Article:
In keeping with my holiday ghost interest, I read John Kachuba’s Ghosthunters: On the Trail of Mediums, Dowsers, Spirt Seekers, and Other Investigators of America’s Paranormal World.  Yes, that subtitle is a mouthful.  The book is a series of essays without an overarching thematic arc, but it does contain some interesting accounts.  If you’re hoping to walk away with proof of ghosts this probably isn’t your book, but a few of the people the author interviews have some pretty convincing stories.  Ghosts remain one of the great unknowns.  People of all intellectual backgrounds, every socio-economic class, and every religion have encountered them, and this is true throughout history.  Ghost hunting isn’t a science and has no developed methodology, but then ghosts don’t seem to perform on demand.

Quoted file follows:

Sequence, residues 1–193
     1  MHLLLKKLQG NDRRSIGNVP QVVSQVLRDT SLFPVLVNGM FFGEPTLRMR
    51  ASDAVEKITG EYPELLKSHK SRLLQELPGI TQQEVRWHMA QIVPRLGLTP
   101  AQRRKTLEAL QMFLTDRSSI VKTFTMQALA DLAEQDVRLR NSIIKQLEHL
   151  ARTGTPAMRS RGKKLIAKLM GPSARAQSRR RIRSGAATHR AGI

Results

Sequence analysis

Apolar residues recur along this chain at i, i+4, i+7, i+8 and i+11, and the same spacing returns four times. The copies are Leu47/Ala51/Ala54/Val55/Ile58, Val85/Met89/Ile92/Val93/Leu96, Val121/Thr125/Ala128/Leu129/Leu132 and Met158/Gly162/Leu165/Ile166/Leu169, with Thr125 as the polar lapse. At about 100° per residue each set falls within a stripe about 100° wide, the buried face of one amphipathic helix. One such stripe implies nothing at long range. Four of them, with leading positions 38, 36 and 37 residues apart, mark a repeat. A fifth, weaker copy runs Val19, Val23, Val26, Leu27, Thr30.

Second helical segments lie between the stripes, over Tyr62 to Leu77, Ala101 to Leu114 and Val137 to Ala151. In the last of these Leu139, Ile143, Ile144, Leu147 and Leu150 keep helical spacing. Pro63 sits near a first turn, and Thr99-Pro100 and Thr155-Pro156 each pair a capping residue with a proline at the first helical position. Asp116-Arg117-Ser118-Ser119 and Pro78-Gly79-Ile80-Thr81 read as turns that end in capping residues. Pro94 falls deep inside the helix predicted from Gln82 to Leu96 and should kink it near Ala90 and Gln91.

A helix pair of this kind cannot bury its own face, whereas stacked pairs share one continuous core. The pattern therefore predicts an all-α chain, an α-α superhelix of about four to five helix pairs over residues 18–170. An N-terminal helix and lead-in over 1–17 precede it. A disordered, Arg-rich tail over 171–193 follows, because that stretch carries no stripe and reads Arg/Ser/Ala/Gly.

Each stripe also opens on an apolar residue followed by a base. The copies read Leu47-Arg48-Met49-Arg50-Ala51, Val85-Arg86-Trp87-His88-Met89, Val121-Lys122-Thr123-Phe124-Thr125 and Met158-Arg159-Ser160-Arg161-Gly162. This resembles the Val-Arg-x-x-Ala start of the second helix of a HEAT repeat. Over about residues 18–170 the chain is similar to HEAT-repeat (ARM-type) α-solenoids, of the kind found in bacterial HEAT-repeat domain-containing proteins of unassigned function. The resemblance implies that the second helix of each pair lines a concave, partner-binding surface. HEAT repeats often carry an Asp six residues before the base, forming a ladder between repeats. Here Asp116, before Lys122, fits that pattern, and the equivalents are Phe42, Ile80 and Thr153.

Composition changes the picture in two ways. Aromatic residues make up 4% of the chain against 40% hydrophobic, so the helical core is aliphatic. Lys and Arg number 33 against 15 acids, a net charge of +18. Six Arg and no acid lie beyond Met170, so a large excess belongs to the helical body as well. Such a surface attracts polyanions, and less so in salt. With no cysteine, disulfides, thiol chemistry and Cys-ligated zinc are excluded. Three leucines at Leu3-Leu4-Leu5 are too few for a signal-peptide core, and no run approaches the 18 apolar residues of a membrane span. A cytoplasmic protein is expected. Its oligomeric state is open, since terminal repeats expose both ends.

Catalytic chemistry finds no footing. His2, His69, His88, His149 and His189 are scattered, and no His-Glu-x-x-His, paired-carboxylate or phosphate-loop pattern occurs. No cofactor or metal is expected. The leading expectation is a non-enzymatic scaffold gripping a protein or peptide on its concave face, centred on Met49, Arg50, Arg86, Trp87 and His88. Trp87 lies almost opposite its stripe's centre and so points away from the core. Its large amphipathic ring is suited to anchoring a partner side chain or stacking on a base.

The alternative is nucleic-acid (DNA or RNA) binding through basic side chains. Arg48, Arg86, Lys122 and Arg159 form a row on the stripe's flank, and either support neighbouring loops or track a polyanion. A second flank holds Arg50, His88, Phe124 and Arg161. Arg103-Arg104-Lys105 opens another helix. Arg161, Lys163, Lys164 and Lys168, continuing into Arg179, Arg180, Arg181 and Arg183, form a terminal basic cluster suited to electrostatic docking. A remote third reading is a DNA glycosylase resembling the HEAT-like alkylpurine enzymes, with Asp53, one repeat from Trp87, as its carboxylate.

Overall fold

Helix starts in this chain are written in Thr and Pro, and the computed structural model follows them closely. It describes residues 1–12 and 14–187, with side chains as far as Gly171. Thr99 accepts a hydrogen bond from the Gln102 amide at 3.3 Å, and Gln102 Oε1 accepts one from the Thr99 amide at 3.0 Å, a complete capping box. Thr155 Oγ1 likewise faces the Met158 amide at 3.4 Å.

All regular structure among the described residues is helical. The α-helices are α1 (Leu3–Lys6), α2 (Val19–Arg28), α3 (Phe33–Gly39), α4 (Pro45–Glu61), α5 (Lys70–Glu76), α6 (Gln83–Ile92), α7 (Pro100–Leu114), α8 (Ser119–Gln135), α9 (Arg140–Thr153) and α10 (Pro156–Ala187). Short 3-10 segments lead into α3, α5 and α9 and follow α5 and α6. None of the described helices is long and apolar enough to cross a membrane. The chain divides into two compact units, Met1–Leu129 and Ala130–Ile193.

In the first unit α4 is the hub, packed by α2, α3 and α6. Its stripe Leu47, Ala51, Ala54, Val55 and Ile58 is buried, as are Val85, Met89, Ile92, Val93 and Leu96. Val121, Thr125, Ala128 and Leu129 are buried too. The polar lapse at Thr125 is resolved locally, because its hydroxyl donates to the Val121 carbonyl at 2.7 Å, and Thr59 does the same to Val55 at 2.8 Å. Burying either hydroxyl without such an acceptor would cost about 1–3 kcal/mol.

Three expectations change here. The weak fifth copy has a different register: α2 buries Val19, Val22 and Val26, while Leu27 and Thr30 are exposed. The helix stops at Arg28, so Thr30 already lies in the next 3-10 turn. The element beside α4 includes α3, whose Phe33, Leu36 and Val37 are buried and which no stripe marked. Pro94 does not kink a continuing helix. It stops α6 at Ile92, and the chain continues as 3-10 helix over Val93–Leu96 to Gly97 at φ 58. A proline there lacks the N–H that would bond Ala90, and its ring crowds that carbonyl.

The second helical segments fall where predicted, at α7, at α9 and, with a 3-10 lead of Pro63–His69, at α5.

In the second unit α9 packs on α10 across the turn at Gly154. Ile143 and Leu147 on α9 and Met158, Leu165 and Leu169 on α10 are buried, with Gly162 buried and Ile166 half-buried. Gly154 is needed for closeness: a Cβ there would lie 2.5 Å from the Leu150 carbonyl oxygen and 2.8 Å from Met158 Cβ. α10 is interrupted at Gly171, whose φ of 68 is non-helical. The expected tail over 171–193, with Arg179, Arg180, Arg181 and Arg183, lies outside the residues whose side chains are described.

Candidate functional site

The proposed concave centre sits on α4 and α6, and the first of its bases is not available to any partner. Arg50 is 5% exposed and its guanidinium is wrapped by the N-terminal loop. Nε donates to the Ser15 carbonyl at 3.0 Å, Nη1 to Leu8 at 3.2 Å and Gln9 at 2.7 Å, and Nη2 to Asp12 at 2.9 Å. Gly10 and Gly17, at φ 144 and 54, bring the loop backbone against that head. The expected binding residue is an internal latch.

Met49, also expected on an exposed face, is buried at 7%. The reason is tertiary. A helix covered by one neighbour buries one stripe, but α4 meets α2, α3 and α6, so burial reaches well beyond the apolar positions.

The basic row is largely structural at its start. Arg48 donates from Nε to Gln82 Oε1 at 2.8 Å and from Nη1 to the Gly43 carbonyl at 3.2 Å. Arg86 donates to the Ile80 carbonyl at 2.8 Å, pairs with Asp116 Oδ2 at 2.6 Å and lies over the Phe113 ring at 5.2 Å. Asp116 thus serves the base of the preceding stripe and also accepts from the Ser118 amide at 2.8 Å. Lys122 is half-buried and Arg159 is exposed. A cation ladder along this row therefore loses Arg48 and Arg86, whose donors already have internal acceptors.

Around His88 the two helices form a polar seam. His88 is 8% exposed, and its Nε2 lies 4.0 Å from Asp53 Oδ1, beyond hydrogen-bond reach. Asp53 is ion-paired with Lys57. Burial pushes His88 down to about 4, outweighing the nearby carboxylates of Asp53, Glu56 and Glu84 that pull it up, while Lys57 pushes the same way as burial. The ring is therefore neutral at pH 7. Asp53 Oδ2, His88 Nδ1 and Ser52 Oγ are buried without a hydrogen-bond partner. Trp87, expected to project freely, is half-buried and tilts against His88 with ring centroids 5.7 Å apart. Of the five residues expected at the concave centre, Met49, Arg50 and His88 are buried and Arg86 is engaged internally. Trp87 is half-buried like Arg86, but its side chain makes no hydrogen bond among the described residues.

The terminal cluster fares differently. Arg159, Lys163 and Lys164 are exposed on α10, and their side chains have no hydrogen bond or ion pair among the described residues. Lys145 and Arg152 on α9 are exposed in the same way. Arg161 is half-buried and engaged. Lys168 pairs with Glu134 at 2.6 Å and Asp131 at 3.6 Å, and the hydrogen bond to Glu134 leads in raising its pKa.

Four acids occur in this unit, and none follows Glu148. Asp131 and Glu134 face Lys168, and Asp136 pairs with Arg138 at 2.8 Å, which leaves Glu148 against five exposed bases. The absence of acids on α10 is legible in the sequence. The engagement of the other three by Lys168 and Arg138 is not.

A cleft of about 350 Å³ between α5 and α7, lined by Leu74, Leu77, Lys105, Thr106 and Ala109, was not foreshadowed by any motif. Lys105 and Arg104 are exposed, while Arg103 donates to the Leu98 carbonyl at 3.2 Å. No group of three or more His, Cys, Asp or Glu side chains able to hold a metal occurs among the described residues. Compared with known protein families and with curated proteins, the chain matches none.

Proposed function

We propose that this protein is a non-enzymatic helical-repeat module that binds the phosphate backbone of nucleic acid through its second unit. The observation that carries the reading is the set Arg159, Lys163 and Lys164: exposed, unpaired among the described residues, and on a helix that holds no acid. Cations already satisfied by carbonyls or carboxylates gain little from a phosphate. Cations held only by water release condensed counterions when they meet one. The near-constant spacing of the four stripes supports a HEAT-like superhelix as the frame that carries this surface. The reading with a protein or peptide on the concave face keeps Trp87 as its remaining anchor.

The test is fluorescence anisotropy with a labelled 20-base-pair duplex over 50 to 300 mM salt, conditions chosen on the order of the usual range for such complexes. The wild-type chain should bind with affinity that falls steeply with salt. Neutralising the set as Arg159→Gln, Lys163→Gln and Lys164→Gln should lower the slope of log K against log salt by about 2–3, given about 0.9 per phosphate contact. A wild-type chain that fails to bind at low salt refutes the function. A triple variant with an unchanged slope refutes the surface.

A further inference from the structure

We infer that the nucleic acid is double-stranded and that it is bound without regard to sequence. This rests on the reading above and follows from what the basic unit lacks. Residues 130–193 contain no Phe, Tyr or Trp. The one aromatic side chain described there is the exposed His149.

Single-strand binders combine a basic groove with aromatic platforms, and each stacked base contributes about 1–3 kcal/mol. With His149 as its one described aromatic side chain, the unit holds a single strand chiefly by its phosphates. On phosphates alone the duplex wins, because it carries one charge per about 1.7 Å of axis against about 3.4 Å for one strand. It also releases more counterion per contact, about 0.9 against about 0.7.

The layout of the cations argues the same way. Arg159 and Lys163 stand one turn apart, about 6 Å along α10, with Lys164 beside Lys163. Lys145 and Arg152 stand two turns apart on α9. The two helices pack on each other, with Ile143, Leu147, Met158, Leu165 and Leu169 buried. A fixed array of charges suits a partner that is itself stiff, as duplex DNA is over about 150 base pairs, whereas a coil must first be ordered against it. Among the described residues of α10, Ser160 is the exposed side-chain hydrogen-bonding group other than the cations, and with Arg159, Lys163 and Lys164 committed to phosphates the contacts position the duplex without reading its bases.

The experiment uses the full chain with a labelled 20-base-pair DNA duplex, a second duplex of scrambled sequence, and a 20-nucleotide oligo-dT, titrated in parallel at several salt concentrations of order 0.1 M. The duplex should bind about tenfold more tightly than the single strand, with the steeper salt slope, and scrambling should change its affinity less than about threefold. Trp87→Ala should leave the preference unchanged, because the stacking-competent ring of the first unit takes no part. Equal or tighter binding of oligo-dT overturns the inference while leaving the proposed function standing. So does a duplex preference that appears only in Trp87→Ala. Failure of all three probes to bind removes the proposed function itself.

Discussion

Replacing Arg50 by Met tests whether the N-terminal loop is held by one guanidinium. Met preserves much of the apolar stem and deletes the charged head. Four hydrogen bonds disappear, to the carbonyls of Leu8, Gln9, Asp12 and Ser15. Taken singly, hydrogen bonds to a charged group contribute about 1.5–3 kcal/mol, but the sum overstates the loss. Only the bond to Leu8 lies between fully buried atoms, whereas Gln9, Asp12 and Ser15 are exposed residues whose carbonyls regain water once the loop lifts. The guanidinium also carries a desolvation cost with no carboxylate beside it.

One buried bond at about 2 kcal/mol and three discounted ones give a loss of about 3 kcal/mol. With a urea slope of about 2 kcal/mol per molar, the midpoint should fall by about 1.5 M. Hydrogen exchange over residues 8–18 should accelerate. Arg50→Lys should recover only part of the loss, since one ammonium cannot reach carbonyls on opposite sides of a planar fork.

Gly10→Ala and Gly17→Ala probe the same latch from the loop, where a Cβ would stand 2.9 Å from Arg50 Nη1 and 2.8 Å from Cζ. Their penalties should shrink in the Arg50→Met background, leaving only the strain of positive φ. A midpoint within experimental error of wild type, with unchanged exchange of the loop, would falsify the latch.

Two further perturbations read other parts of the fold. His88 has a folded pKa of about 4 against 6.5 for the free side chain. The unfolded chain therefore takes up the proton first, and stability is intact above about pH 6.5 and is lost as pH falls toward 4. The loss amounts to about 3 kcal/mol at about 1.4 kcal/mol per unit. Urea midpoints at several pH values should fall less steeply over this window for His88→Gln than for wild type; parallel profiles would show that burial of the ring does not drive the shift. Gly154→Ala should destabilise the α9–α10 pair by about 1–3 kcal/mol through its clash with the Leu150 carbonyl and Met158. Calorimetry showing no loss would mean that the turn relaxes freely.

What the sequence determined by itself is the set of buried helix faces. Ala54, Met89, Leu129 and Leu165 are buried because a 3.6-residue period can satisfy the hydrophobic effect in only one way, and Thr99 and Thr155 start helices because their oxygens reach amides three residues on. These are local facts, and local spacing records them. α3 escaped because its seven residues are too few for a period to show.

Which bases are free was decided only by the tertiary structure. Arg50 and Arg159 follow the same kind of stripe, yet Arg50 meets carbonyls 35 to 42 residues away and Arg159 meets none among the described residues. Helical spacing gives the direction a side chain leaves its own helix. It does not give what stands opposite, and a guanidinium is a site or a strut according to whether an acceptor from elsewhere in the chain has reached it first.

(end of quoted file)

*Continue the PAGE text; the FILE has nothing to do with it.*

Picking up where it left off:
I was particularly interested to see what Kachuba had to say about Ed and Lorraine Warren.  They were the original ghost hunters and their work was controversial from the beginning.  One of the consistent problems with the paranormal is that advanced degrees tend to make you quite skeptical.  You look for proof in the fields recognized by your peers and although a few departments of “parapsychology” have cropped up from time-to-time, mainstream science is doubtful and drives doubt into all comers.  Those who investigate ghosts suggest that if you don’t believe you won’t see.  Here’s the basic paradox between faith and proof.  And it only raises questions when you learn that science doesn’t prove but rather provides the best answer, given the data as currently understood.